Brian Pembleton arrived at SUNY Buffalo State in the fall of 2012 with a wealth of life experiences. As the son of an Air Force technical sergeant, Pembleton grew up traveling the world. His family finally settled in Western New York where he attended Frontier High School.
Although his parents supported his idea of becoming a social studies teacher, they didn’t have the resources to finance a college education. Instead, after he graduated from high school in 2002, Pembleton joined the U.S. Air Force and was stationed with the 914th Air Wing in Niagara Falls.
In 2008, he went into the Army where he worked as an intelligence analyst, became airborne-qualified, and was deployed to Afghanistan in 2010–2011. He left the Army as a sergeant with an honorable discharge in June 2012.
During the past decade, Pembleton also earned two associate’s degrees and worked as a counselor at Cradle Beach Camp. Still, he yearned to complete a bachelor’s degree and embark on a teaching career. He chose Buffalo State where he received tuition assistance through the Veterans Administration.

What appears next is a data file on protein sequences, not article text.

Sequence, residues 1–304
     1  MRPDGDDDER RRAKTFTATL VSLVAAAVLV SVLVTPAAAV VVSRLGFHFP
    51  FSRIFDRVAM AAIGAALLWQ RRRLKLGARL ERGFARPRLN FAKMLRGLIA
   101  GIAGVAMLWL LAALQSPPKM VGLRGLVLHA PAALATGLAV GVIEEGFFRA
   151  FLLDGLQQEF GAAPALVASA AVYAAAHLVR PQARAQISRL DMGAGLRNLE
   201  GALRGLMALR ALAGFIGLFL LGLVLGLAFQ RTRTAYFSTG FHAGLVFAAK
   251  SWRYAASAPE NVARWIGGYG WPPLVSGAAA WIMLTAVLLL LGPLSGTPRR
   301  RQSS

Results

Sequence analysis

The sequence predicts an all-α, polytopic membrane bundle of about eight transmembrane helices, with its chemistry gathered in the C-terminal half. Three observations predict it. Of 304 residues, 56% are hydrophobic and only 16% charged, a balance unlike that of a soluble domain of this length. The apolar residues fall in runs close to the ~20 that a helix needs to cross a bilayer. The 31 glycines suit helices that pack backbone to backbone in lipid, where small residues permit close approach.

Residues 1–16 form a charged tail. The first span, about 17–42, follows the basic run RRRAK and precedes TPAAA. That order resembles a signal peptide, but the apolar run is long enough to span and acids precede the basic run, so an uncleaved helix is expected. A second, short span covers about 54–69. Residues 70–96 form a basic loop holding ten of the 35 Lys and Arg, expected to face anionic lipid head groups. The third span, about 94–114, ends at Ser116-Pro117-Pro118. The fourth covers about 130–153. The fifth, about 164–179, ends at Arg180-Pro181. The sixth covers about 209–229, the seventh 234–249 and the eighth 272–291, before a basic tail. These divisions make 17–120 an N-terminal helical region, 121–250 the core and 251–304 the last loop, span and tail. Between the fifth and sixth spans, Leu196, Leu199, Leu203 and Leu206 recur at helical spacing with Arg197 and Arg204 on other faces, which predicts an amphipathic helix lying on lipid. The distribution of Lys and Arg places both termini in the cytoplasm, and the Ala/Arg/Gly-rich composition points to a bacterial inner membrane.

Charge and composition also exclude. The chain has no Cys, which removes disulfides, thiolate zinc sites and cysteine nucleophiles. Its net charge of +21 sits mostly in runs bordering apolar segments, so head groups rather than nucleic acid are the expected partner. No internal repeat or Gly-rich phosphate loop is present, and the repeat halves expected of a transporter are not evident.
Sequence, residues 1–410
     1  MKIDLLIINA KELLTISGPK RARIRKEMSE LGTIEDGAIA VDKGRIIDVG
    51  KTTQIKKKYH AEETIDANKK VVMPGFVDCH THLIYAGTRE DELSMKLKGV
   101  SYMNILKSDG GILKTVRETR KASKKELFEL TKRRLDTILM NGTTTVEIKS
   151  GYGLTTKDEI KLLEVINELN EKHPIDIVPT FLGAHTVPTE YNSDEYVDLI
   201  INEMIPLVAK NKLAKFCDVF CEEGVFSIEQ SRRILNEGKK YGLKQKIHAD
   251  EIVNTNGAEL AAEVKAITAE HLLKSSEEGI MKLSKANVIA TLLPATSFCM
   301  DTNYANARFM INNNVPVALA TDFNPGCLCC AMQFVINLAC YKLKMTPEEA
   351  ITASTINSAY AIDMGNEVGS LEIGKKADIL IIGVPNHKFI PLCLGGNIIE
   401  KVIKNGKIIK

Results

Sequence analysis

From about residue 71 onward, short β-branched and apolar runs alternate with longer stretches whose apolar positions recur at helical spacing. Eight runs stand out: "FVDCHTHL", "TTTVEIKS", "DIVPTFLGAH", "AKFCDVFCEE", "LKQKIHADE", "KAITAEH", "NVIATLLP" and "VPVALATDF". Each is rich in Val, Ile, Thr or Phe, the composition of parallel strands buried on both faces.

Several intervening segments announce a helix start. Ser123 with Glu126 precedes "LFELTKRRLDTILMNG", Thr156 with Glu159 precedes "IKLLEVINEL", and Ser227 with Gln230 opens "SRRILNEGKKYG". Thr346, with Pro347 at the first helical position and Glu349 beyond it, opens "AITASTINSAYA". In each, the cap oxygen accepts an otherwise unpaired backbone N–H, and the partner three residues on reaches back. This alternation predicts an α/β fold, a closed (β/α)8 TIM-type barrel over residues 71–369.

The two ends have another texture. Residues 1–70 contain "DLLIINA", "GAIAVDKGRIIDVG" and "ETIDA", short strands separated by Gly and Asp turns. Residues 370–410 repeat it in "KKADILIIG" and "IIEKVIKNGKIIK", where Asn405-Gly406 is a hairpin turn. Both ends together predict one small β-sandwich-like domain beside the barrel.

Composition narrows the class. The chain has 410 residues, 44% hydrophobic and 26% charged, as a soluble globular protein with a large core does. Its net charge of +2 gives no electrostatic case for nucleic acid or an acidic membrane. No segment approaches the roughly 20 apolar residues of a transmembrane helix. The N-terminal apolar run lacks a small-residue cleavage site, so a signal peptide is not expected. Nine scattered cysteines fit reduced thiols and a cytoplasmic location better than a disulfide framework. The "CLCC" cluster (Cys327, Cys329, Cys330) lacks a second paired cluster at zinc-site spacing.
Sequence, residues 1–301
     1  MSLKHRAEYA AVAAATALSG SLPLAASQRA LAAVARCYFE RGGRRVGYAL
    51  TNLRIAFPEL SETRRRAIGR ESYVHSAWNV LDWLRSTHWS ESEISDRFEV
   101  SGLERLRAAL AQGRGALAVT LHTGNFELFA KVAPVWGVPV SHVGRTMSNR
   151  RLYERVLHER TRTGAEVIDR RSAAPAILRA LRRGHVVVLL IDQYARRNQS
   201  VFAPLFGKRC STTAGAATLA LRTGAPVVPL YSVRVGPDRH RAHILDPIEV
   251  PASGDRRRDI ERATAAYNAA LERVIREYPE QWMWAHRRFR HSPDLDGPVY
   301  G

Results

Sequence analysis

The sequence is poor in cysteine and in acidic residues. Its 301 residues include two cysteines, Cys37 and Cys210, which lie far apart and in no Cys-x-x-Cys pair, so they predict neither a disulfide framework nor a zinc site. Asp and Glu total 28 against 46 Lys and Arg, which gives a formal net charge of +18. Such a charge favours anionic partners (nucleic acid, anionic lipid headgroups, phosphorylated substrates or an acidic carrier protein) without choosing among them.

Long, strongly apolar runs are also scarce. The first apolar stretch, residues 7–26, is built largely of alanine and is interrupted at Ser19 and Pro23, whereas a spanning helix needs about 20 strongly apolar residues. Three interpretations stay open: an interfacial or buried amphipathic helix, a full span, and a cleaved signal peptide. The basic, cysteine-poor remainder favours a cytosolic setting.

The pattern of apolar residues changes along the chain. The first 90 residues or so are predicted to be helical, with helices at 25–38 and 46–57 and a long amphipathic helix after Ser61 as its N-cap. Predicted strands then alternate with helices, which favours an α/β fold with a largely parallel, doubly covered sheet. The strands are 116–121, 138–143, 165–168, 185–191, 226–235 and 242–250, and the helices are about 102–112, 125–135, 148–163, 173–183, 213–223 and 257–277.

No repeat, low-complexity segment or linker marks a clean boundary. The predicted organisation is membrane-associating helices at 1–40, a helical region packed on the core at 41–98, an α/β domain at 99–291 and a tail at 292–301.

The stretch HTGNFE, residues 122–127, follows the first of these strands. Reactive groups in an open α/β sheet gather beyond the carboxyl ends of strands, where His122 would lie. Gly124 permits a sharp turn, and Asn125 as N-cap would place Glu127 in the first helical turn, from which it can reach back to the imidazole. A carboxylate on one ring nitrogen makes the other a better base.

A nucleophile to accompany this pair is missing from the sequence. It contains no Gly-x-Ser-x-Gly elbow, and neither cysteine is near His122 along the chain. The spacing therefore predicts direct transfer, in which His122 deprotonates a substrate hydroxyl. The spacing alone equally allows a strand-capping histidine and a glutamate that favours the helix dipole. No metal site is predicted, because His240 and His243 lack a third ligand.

While he feared it might be difficult transitioning to a four-year college, Pembleton, now 30, said it has been a smooth experience.
"Initially, I was nervous that I wouldn't do well, but I've made the dean's list in back-to-back semesters," said Pembleton who expects to graduate in August.
One motivator was being named a recipient of the Military Service Scholarship, funded in part by the annual Faculty and Staff Appeal. The $1,000 scholarship he received for the 2013–2014 academic year has covered books and living expenses and provided an added incentive to do well.
"I take school more seriously now than when I was younger. I get here early and don't miss any classes," he said. "I definitely appreciate a college education after having worked and seen parts of the world that are beyond Third World, more like stepping back in time."
In addition to majoring in social studies education, Pembleton is minoring in intelligence analysis through the Criminal Justice Department.
"In Afghanistan I did military intelligence, working with commanders and giving a lot of briefings. It was more strategic than tactical work, and I may want to pursue that career as a civilian. I'm looking into teaching positions, too," he said. "Right now, I'm keeping my options open."
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